Curbing tobacco use could reduce new cancer cases by one-third in India

According to a study, the country spends Rs 30,000 crores annually on tobacco-related diseases including cancer and other health conditions

Faridabad: There are about 15 lakh new cases of cancer in India every year, but 40% of these are caused by tobacco alone. If we want to combat the challenge of cancer, our focus should be on radically curbing the consumption of tobacco. This will prevent 5-7 lakh new tobacco-related cases of cancer every year, substantially reducing the cancer burden of the society, says Dr. Dinesh Pendharkar, Director, Sarvodaya Cancer Center at Sarvodaya Hospital, Faridabad.
Sharing his comments ahead of the World No Tobacco Day, Dr Pendharkar adds, “Tobacco is one of the biggest health challenges facing India. It contains nicotine and 4,000 other chemicals which cause cancer not only of the mouth and lungs, but also of food pipe, stomach and kidneys. The impact of tobacco on health goes much beyond cancer as it affects every organ of the body. Tobacco is a prominent cause of heart disease, cardiovascular disease, lung disease and brain stroke. India has the world’s highest incidence of tobacco-related cancer. According to a study, the country spends Rs 30,000 crores annually on tobacco-related diseases including cancer and other health conditions. Curbing the use of tobacco will reduce cancer cases by at least one-third, with huge savings in healthcare costs that can be used to treat other patients of other types of cancer.”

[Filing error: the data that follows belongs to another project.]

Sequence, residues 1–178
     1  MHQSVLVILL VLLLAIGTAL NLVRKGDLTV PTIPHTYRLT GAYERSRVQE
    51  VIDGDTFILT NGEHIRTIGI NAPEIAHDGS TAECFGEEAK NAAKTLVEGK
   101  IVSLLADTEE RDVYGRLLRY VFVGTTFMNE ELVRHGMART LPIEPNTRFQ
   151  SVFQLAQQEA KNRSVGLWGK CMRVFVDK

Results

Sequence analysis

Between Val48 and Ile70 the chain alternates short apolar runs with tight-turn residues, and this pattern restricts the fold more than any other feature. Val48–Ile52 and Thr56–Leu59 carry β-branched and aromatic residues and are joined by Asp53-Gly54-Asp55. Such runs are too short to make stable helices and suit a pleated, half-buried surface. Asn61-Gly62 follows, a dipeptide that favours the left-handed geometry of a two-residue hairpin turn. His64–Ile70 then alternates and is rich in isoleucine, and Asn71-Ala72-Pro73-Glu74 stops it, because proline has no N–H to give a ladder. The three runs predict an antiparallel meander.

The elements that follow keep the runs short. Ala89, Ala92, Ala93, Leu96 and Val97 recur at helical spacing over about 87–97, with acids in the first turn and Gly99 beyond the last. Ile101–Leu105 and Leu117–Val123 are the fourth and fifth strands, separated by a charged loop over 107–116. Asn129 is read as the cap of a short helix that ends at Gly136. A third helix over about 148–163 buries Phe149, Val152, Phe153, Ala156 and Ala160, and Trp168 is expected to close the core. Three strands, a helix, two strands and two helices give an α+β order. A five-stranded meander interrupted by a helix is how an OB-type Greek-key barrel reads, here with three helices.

Dr Pendharkar feels that Indians are vulnerable to tobacco cancer because it is easy to get addicted to tobacco in the country.
“This is due to the widespread habit of chewing paan (betel nut), which quickly escalates to chewing tobacco. While there is a social taboo against smoking at a young age, no such inhibition exists for paan, which leads many youngsters to get addicted to tobacco at an early age. Consuming paan masala has also become widespread amongst the youth. I am now seeing cancer patients as young as 15-17 years who have been consuming tobacco in some form or the other,” he opines
“We cannot be complacent with the minor drop in the smoking habit. Many upwardly mobile women have begun to smoke as a mark of social status. They do not realize that smoking is even more injurious to the female body and can lead to many side effects such as infertility. Among school and college-going students, smoking is still seen as a symbol of superiority over one’s peers. Tobacco is an addiction because of the presence of nicotine, a drug substance. Once you are hooked, it is not easy to let go,” he says.
Dr. Dinesh Pendharkar is of the opinion that the only barrier to curbing the consumption of tobacco in India is unwillingness at all levels of the society, including individual, political and social.
“We truly do not understand the menace of tobacco and the havoc it causes in terms of public health. In fact, the amount of money spent on tobacco-related diseases in India is much higher than the revenue generated by tobacco. The only way to solve the problem is for the government to put drastic curbs on production and distribution of tobacco or stop it altogether. We cannot keep selling tobacco on one hand and invest thousands of crores in treating tobacco-related diseases on the other. This is a self-defeating approach.”